Much like the book Hooked by Nir Eyal, in the book, Contagious Jonah Berger dives deeper into psychology to explain why certain products, services, and brands perform better than others. Jonah Berger, a marketing professor at Wharton University is a New York Times Bestseller and has authored many articles and books on consumer choice and proven marketing methods.
This post is a summary of the book Contagious: Why Things Catch on, highlighting the best concepts and ideas we have got from reading it and we are also going to tell you whether it is worth reading the complete book.
Contagious book summary
Contagious is a book that explains the seemingly unexplainable, takes difficult concepts, and makes them simple. His methods explain why trends, both online and offline, go viral and is at the top of everyone’s mind for some time.
Since the age of our prehistoric ancestors, humans explained the world through stories, and then shared them with others. The more popular the story, the further it spread. Once stories spread beyond their local destination, others would start to put their poetic spins and changes to make the tale more grandiose.
In the modern age, this is much easier to do. With social media, instant feedback can be given through likes and comments. Further, they can be shared with a click of a button or the paste of a link.
The internet’s most popular “poetic spin” on these tales is creating memes, which are viral concepts that usually is created satirically from the original. Berger attempts to explain in this book why some trends and ideas go viral, and others do not – and tries to make sense of the seeming randomness of videos and pictures going viral on the internet.
Best ideas from Contagious summarized
Here are some of the best ideas and concepts from Contagious summarized.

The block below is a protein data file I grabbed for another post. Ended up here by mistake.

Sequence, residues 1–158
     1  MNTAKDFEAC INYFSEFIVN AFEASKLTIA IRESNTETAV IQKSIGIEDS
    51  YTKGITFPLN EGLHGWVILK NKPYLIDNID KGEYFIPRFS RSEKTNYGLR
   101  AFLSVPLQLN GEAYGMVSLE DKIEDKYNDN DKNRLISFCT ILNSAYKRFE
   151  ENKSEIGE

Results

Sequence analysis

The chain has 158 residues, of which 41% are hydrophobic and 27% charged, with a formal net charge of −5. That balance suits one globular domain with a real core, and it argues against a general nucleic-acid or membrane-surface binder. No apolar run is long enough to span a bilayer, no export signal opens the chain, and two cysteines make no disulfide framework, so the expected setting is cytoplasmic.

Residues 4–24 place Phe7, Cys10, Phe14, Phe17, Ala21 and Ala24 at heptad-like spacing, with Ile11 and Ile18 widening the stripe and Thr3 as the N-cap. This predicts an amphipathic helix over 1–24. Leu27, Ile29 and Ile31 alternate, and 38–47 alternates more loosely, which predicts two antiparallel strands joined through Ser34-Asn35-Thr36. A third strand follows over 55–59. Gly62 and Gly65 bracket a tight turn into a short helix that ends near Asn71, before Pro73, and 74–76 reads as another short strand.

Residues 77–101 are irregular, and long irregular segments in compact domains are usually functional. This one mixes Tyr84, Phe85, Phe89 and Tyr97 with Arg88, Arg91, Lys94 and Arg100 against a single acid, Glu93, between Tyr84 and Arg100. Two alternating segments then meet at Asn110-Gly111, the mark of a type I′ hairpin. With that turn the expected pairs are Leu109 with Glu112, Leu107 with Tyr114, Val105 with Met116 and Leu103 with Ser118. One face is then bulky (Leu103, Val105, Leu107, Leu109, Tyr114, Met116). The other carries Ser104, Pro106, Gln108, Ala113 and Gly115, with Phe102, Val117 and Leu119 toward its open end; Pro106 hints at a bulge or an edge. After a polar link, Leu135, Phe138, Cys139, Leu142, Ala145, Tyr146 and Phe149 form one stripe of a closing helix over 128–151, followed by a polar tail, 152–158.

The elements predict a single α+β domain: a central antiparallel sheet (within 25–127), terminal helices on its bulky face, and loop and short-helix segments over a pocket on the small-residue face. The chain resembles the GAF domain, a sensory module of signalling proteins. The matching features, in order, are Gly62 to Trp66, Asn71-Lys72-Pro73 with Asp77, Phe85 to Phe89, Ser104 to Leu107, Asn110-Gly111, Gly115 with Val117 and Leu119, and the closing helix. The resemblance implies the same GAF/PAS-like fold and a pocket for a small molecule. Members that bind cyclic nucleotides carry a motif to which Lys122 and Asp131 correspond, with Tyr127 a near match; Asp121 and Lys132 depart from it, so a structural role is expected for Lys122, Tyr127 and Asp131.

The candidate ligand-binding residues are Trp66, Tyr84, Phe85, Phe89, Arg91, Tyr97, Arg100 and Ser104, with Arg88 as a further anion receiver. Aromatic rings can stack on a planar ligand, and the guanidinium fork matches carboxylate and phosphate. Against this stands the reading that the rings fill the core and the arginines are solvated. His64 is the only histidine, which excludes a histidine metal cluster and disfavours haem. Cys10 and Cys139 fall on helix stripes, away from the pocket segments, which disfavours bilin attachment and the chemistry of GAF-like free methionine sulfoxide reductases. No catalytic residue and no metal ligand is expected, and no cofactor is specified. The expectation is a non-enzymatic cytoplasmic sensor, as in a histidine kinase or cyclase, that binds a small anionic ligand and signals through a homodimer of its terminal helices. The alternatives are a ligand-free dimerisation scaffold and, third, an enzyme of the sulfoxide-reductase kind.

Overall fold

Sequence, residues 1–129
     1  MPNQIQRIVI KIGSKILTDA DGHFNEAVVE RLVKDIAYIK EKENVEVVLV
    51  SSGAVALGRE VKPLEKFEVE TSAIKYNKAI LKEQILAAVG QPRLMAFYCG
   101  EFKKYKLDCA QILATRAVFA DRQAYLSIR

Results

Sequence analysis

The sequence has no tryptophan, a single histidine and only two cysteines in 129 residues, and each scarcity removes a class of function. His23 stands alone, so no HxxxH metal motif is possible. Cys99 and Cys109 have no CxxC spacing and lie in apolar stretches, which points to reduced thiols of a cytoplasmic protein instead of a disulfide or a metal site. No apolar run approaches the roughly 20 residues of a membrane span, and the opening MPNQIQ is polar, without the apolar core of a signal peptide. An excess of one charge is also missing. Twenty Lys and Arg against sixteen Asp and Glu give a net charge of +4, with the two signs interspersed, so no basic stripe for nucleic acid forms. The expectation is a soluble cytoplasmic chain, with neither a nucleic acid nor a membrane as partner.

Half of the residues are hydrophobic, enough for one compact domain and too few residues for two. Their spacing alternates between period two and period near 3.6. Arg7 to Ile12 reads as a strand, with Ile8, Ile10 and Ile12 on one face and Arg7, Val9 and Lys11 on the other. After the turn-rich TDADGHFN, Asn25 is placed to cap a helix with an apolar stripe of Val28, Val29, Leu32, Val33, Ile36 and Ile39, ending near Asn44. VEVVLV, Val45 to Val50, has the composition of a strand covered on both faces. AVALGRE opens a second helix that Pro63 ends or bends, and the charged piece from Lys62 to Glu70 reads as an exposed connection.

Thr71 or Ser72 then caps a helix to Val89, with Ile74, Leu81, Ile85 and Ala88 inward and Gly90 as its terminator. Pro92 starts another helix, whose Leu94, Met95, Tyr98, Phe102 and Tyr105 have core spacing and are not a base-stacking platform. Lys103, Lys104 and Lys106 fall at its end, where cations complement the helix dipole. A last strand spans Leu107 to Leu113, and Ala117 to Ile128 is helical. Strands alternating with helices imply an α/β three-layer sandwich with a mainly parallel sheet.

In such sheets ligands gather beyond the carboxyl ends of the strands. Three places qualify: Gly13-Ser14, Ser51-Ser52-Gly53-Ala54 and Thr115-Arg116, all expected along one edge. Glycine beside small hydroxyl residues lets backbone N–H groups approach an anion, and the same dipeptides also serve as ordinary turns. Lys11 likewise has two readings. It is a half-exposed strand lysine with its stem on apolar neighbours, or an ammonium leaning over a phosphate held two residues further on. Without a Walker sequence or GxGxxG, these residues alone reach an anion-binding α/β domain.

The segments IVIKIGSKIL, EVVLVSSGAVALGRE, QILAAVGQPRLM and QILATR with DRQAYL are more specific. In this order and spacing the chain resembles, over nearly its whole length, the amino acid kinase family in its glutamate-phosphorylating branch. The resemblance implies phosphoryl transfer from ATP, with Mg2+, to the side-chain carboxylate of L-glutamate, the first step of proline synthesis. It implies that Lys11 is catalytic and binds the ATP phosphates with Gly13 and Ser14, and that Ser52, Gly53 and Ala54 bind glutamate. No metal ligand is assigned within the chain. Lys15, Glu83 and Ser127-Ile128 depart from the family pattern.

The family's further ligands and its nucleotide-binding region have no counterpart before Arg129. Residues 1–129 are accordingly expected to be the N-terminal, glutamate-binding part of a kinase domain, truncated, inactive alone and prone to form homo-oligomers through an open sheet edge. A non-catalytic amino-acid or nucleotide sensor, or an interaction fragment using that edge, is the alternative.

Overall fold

Organic Growth Is The Best Marketing Method
There are a plethora of ways to grow your brand and market yourself. The most difficult part in regards to marketing is launching. No one knows who you are, and even if you are a master at your craft, no one will come and buy from you. Many businesses fail because they dive deep in paid advertising or buy a large supply of promotional materials (business cards, flyers, printed merchandise, etc) when they don’t need to.
The best example to the following point would be a contractor that gets hired to do some renovation work in a suburban neighborhood. No matter what that contractor is working on, it always seems that neighbors will approach them for a quote or to get their information.
The contractor knows that if they do a good job on a house and the street is there to see it, they will most likely get more clients. No social media was used.
It is with this example that we can solidify Jonah’s point; The most powerful marketing tool is word of mouth and not social media. Social media is just that: a medium where others can interact and share. Word of mouth is important because of two things:
- People trust their friends and family many times more than they trust advertisements
- Word of mouth targets your ideal customer, relatives only refer you to others if they are having the exact problem, and are more likely to close.
Marketers Should Endeavour To Be “Top-of-mind”